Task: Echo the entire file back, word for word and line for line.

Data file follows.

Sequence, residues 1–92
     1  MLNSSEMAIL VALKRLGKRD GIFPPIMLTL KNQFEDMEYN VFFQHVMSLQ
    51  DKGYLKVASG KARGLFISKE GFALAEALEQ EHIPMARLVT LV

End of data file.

Sequence, residues 1–92
     1  MLNSSEMAIL VALKRLGKRD GIFPPIMLTL KNQFEDMEYN VFFQHVMSLQ
    51  DKGYLKVASG KARGLFISKE GFALAEALEQ EHIPMARLVT LV